How can placemaking in cities around the world contribute to our global recovery?

Join CUI’s President and CEO Mary W. Rowe, along with Ethan Kent, Executive Director, PlacemakingX; Ramon Marrades, Director, Placemaking Europe; Lhazin Nedup, Planning Consultant, Urban Platform; and Ayanda Roji, General Manager: Corporate Research, Policy and Knowledge Management, Johannesburg City Parks, for an exploration how placemaking will contribute towards a global recovery, while creating a thriving, more equitable, and sustainable world.

5 Key

A roundup of the most compelling ideas, themes and quotes from this candid conversation


1. Reclaim the streets and build public space from the grassroots

City-builders in a post-COVID pandemic world need to recognize the vulnerability of coming back into public spaces, connecting with people, and falling back in love with the city, says Ethen Kent, Executive Director at PlacemakingX. Ethan reiterates the importance of building public spaces from the grassroots up, centered around existing communities and neighbourhoods. In New York City (NYC), individuals committed to the city long-term have remained. They are organizing themselves and reclaiming the streets, sidewalks, and other public spaces. Local neighbourhoods continue to be resilient during the recovery process, they see the importance of shared wealth, the connections to public spaces, economic success, and social outcomes. Placemaking is about building spaces where people can support each other and recruit their collective empathy. Ethan concludes saying that ‘The gated communities fail to appreciate shared wealth and local identity, and that is a bankrupt way of living’.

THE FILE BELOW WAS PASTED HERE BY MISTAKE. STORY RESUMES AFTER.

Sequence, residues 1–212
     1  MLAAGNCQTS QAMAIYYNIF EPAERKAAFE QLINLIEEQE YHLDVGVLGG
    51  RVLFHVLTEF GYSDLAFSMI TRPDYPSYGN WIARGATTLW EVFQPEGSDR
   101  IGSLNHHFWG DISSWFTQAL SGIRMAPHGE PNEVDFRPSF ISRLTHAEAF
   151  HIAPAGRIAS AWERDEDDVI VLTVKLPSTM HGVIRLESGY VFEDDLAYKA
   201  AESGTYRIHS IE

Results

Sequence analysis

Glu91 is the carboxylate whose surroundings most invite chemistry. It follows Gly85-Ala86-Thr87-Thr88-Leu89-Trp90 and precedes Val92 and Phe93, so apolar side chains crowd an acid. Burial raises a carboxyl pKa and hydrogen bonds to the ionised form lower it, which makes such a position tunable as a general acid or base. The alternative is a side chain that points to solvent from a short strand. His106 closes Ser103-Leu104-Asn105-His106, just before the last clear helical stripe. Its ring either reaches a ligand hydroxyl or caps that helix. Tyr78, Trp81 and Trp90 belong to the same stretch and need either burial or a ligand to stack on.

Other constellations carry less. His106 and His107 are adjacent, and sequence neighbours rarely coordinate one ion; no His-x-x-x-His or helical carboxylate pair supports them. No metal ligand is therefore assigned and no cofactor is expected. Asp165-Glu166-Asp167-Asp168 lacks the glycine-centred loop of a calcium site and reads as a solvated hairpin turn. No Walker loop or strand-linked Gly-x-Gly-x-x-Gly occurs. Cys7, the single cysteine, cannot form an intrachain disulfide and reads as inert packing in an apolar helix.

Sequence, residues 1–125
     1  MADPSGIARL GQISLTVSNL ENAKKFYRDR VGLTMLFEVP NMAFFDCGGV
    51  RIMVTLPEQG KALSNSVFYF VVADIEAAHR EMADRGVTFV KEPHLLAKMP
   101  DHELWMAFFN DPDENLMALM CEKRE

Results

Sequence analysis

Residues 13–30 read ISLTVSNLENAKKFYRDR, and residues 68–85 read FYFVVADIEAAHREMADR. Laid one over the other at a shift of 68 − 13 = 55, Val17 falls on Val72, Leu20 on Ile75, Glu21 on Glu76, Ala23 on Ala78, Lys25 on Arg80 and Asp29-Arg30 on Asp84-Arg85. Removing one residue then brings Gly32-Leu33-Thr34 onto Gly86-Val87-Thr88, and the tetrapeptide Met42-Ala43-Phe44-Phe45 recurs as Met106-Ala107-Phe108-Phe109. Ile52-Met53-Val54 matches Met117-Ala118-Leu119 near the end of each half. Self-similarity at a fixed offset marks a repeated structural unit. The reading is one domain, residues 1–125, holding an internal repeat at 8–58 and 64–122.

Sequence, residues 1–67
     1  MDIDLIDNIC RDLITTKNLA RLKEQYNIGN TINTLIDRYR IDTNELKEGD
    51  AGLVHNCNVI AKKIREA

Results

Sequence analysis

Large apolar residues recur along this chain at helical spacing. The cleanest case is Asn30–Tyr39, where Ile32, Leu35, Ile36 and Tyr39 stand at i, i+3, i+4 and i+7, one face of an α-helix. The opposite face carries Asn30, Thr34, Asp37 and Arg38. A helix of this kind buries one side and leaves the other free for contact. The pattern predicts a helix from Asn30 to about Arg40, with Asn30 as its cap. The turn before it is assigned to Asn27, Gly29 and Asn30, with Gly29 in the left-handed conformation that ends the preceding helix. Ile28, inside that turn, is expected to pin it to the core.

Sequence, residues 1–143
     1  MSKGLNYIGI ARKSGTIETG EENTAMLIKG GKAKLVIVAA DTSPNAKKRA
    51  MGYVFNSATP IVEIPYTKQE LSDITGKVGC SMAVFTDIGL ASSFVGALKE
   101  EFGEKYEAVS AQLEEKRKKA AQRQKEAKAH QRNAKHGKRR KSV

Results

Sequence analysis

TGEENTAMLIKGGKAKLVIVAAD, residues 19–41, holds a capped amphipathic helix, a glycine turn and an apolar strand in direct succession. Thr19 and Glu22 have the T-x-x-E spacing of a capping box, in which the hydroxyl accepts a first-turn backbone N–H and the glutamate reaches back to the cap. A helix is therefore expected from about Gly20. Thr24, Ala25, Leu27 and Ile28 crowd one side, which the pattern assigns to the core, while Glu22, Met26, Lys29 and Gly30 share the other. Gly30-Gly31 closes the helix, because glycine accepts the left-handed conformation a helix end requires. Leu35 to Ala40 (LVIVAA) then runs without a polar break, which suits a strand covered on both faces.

2. Informal workers and youth need support in the public realm

In South Africa, they are getting youth involved in civic discussions by using Minecraft (a creative video game). Young people are needed to tackle wicked problems cities face, deserving special recognition in placemaking realm. They are integral when building a future, one they will one-day inherit. So young people expressed their needs, specifically noting their need for ‘chilling space’ and an information wall outlining available jobs and programs. Ayanda Roji, General Manager of Corporate Research, Policy and Knowledge Management at Johannesburg City Parks reinforces the notion that informality is good. In South Africa, Sidewalks Food Gardens initiative is transforming street corners into food gardens. Similarly, other cities like Banjul in Gambia and Dire Dawa in Ethiopia are reorganizing their markets, converting their streets, and reducing car lanes to accommodate informal workers or informal trade and vending. These placemaking spaces are locally driven to focus on the needs of informal workers.

3. Placemaking initiatives build social resilience and contribute to economic development